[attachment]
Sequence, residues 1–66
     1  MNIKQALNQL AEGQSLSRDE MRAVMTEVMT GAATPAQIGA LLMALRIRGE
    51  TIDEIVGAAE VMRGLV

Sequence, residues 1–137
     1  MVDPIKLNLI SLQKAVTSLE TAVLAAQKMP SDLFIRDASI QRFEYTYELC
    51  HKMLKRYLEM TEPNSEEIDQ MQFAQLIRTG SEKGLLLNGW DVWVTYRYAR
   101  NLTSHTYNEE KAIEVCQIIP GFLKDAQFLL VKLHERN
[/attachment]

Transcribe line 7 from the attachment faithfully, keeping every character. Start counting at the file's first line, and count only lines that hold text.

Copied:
   101  NLTSHTYNEE KAIEVCQIIP GFLKDAQFLL VKLHERN